Voices of the X-Iled

Voices of the X-Iled

by Michael Wexler
     
 

The "twentysomething" generation finds its voice in this dazzling collection of short stories by 25 of the most gifted young writers in America. In Voices of the Xiled, a misunderstood, mislabeled, and thoroughly underrated generation is finally allowed to speak for itself, in a chorus of brilliant voices that are fresh, daring, and unforgettable.See more details below

Overview

The "twentysomething" generation finds its voice in this dazzling collection of short stories by 25 of the most gifted young writers in America. In Voices of the Xiled, a misunderstood, mislabeled, and thoroughly underrated generation is finally allowed to speak for itself, in a chorus of brilliant voices that are fresh, daring, and unforgettable.

Editorial Reviews

Publishers Weekly - Publisher's Weekly
Writers and filmmakers, the editors decided to take a stand against all the criticism aimed at the twentysomething generation. What they came up with is an exhilaratingly diverse and honest collection of short fiction by 20 young writers. Although the voices in this collage are undeniably unique, certain themes bind the stories together: a search for self; innocence and experience; slow-dripping desperation; discontent; disillusionment; restlessness; altered states of consciousness; and a general feeling of being on shaky ground. These writers, both new and established, have mined the margins where the psyche begins to fray. The characters vary considerably from the haunting voice of a baby not yet conceived in Tamara Jeffries's ``Black Tea'' to the scathingly bizarre sick puppy in David Foster Wallace's ``Girl with Curious Hair,'' (a fitting cellmate for Alex in Anthony Burgess's, A Clockwork Orange). Bryan Malessa's letter to Raymond Carver called ``Looking Out for Hope'' interjects the one shadow of hope amidst the despair. After paragraphs drenched with desperation he ends up by saying, ``I'll try to keep the loose ends from fraying too badly.... We're going to find it out there, somewhere.'' Although the characters are striking, the revolutions are not, really, because everyone is confused when they're young. In this sense, the compilation is more about Everygeneration than Generation X, which is probably the point Hulme and Wexler want to make. (Oct.)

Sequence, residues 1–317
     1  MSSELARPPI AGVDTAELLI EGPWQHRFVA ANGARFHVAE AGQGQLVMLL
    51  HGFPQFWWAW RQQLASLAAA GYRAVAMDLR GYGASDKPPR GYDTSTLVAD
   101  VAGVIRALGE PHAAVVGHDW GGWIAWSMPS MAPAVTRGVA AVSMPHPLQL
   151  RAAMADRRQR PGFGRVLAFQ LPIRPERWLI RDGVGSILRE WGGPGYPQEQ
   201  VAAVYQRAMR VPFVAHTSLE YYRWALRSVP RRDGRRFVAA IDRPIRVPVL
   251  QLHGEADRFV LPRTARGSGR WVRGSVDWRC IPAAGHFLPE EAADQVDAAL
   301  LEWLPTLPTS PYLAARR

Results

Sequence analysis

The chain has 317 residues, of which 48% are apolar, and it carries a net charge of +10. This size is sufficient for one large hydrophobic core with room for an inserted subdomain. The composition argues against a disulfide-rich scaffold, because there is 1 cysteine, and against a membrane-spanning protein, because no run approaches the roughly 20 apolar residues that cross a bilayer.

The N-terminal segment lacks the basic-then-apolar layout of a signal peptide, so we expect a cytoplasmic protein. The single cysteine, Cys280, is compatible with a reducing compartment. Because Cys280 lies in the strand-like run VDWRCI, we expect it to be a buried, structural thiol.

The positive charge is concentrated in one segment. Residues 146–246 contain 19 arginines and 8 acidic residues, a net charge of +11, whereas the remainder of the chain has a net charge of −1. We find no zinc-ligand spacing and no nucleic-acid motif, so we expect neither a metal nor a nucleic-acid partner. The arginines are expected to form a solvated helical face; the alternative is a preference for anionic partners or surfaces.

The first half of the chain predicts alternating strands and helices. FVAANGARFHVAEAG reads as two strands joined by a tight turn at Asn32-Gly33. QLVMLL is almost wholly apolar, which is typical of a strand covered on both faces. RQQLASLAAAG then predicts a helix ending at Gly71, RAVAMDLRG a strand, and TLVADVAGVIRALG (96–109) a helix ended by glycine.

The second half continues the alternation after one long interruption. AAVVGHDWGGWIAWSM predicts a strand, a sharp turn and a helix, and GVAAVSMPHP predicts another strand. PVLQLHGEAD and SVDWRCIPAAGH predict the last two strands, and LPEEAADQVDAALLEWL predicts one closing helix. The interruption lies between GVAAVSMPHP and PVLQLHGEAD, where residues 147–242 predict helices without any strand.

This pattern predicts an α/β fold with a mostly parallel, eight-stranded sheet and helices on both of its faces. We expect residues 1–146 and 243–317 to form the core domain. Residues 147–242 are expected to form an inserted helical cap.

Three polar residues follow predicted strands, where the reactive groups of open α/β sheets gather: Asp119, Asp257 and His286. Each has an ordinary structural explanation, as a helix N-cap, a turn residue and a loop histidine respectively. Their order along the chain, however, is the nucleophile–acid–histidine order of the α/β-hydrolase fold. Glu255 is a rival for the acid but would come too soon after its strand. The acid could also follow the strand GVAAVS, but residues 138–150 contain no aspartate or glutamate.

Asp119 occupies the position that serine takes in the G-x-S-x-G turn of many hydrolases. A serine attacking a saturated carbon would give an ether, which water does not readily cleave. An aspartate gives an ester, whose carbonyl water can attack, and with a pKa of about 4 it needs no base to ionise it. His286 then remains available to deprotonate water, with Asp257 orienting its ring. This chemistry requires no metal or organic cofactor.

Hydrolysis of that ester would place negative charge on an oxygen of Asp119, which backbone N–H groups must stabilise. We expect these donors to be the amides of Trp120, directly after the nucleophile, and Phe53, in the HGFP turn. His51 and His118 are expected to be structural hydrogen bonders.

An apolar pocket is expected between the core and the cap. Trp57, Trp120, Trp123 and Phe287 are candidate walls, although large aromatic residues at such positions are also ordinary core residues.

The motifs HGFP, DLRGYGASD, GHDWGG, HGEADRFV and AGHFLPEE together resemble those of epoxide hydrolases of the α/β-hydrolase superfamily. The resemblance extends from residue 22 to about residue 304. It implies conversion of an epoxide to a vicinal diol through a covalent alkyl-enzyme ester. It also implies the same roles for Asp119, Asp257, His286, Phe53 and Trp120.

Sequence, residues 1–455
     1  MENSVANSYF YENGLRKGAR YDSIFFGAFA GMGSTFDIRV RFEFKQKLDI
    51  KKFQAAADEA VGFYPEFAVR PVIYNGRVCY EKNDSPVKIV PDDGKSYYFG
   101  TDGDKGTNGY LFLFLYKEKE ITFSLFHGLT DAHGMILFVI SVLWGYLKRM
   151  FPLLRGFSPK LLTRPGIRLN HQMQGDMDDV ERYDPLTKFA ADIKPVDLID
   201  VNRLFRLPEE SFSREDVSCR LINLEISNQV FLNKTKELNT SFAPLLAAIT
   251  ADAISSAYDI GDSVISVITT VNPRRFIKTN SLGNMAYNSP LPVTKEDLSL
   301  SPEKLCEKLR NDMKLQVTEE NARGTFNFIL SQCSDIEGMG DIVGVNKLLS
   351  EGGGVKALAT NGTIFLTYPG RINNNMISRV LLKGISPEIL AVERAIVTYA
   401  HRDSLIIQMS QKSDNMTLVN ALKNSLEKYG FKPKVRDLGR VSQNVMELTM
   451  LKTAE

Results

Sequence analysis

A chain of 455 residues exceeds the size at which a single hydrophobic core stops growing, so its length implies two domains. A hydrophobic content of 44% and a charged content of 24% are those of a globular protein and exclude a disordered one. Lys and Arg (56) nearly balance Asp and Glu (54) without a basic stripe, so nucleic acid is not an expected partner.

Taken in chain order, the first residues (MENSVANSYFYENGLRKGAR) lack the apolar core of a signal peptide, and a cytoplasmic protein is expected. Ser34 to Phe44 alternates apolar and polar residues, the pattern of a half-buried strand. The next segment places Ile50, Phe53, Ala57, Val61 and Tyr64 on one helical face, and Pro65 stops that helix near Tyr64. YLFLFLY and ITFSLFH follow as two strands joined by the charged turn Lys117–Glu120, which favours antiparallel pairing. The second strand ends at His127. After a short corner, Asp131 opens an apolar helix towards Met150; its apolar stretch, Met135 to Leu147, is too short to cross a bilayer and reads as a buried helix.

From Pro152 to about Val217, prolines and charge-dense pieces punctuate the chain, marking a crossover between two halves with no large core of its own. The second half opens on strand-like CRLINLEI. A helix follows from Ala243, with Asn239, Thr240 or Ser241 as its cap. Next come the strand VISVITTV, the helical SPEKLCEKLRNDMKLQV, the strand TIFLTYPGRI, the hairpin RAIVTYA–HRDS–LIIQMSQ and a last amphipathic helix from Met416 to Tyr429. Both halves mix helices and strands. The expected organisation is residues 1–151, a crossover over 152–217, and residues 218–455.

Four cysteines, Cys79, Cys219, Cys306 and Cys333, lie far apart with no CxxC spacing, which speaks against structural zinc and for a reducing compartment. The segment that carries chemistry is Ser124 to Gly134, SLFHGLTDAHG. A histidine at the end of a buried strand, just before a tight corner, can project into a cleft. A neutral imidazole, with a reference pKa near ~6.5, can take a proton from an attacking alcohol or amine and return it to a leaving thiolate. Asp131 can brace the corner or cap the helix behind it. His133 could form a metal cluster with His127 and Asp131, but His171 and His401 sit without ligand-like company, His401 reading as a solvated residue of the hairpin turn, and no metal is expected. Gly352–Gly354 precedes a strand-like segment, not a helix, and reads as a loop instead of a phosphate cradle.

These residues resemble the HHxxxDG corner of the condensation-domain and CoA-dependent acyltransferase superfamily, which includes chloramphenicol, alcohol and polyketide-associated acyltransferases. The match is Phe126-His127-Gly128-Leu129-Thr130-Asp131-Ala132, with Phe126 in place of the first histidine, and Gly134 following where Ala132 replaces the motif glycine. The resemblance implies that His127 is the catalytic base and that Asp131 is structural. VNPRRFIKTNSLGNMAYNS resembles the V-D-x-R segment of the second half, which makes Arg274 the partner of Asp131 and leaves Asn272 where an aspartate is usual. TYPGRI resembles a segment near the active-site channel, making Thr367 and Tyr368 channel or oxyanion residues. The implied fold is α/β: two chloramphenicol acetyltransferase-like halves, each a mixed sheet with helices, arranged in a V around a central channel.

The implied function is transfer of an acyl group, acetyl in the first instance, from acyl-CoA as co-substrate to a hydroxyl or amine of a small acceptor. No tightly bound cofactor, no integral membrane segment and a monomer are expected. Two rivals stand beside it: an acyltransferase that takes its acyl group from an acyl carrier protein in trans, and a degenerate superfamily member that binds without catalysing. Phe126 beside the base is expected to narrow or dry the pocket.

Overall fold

Library Journal - Library Journal
Despite the assumptive subtitle, this well-edited, well-written collection of 20 stories by writers under the age of 35 should provide publishing houses with many leads for the next generation of literary talent. With a few exceptions, contributors are little known outside the readership of America's small magazines. In these stories, the value and meaning of high and low culture are equal, and the traditional yearnings of postadolescence are replaced by a wish just to get by. A few standout works are Fred Leebron's "Lovelock," about a young down-and-outer seduced by a woman of little experience and low intelligence; Dean Albarelli's "Winterlude," which Hitchcock might have considered; and Charles D'Ambrosio's "Her Real Name," in which a man tends to a dying young woman. The typeface used for the story titles, crafted from old-fashioned labeling machines, and the editor's charming introduction, reflect an interest in having the collection appear to be the work of unsophisticated youth. Recommended, especially for literary collections.-Harold Augenbraum, Mercantile Lib., New York

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Product Details

ISBN-13:
9780385474498
Publisher:
Crown Publishing Group
Publication date:
08/01/1994
Edition description:
1st ed
Pages:
336
Product dimensions:
6.00(w) x 9.00(h) x 1.00(d)

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